(Bloomberg) — A gauge of contract signings to purchase previously owned U.S. homes unexpectedly declined for a second month in October as higher prices and a limited number of listings impeded momentum in the housing market.

The National Association of Realtors’ index of pending home sales decreased 1.1% to 128.9 from the prior month after a revised 2% decline in September, according to data released Monday. The October drop compared with a median estimate in a Bloomberg survey of economists for a 1% gain.



graphical user interface, chart: U.S. pending home sales fall for second month as high prices limit demand


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U.S. pending home sales fall for second month as high prices limit demand

The decline underscores the challenges of further upward momentum in the housing market as the lack of available properties drives up asking prices and impedes demand. At the same time, contract signings are up almost 20% from a year ago on an unadjusted basis, highlighting the strides residential real estate has made amid record-low mortgage rates and buyer preferences for larger homes that double as office space.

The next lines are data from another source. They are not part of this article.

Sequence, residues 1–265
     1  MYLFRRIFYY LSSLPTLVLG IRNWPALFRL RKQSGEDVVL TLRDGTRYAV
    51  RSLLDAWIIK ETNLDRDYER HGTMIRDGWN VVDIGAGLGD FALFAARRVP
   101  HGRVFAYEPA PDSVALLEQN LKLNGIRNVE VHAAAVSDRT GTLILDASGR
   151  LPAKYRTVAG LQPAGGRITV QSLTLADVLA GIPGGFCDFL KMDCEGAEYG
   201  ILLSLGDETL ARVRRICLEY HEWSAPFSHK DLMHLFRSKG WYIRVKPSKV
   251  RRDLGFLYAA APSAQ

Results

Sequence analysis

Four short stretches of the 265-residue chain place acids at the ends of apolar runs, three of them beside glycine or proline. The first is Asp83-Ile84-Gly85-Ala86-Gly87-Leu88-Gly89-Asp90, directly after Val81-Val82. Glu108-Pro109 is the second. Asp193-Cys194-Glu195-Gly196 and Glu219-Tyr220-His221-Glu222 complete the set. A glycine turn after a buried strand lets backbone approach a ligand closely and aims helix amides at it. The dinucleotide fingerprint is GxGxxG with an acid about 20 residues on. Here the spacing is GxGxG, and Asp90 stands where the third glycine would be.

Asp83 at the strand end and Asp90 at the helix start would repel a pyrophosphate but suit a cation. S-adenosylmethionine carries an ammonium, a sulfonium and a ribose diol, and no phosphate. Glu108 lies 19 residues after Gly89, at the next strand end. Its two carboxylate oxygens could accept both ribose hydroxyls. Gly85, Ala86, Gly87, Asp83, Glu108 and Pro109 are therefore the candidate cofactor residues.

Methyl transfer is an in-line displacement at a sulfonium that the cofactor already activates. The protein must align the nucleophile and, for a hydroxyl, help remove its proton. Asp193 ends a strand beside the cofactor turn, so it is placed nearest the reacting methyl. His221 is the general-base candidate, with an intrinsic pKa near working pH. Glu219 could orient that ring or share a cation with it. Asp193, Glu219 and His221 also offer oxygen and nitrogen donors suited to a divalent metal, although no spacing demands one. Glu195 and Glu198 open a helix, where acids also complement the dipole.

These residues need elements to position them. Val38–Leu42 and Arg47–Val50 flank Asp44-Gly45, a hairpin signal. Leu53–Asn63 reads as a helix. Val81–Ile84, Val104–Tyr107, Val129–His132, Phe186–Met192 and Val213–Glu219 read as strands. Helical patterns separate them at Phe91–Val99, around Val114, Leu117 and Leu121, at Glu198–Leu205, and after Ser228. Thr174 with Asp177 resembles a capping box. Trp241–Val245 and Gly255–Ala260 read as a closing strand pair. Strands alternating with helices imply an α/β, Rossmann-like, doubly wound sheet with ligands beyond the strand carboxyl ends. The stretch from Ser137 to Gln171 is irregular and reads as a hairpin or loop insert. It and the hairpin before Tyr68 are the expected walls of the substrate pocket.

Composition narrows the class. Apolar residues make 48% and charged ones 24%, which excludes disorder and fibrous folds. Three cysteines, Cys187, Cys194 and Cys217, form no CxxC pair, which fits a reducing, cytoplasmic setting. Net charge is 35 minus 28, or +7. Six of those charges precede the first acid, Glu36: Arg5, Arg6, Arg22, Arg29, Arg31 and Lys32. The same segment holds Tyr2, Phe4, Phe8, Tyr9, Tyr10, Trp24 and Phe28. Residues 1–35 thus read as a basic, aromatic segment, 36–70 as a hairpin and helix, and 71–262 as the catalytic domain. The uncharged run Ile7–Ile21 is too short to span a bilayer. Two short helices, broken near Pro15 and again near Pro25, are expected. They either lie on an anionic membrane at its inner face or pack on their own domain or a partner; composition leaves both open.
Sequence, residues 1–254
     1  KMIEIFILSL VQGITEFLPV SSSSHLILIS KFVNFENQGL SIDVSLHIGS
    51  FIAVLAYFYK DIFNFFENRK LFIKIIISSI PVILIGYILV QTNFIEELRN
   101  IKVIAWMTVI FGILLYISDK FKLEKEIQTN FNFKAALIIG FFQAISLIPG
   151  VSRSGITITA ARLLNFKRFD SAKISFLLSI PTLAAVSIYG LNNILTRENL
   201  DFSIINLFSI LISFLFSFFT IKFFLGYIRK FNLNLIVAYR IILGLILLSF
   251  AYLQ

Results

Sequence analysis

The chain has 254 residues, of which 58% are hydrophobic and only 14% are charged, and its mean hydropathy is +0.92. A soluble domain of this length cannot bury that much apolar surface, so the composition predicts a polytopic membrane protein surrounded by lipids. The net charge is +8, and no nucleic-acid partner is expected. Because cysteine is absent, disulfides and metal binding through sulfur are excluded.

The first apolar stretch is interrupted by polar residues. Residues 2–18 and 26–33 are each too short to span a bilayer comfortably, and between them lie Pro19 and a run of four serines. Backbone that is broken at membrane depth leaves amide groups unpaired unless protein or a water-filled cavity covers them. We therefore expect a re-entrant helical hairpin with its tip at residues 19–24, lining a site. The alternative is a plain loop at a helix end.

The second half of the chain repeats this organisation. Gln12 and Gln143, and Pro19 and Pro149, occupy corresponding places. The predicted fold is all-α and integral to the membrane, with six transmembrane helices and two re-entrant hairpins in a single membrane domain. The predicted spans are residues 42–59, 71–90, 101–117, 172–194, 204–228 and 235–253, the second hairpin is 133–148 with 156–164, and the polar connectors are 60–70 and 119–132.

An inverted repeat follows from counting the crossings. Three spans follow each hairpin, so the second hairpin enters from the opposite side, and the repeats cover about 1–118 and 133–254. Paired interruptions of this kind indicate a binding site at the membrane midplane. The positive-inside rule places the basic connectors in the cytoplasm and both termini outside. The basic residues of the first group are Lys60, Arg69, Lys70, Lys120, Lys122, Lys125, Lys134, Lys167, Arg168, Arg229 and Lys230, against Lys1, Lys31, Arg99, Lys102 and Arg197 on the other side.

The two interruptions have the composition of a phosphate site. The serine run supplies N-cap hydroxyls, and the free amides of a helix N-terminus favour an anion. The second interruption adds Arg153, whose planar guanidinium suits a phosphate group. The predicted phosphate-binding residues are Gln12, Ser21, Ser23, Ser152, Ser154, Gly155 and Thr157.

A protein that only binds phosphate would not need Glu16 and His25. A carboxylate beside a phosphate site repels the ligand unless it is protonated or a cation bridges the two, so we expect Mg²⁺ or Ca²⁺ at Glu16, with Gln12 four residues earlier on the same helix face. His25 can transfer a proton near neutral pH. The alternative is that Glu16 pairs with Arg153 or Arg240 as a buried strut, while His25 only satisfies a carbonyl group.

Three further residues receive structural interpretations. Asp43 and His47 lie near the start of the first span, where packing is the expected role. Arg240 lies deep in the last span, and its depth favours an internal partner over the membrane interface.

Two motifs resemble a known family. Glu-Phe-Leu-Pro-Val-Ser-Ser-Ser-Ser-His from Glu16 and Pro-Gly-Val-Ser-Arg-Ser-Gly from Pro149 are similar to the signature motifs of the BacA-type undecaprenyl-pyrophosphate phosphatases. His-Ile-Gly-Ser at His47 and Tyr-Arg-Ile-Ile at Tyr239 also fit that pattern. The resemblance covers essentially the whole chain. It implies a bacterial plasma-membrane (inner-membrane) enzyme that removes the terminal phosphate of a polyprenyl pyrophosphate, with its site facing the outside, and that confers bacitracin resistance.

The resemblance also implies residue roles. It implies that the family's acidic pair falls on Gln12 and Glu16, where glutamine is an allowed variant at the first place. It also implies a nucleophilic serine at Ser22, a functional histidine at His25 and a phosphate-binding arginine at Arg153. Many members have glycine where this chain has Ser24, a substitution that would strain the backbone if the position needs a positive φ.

“The housing market is still hot, but we may be starting to see rising home prices hurting affordability,” Lawrence Yun, chief economist at the NAR, said in a statement. The combination of low rates, lean inventory and “very strong demand has pushed home prices to levels that are making it difficult to save for a down payment, particularly among first-time buyers.”

Video: Wall Street set to open lower in last trading day of November (CNBC)

Wall Street set to open lower in last trading day of November

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By region, pending home sales declined in two of four major U.S. regions, including a 5.9% decrease in the Northeast and a 0.7% drop in the Midwest. The gauge of contract signings in the South crept up 0.1%, while the index was unchanged for the West.

The government’s revised estimate of third-quarter gross domestic product highlighted the recent strength in housing. Residential investment jumped an annualized 62.3% pace, the fastest since 1983, Commerce Department data showed last week. GDP rose at a record 33.1% annualized rate during the period.

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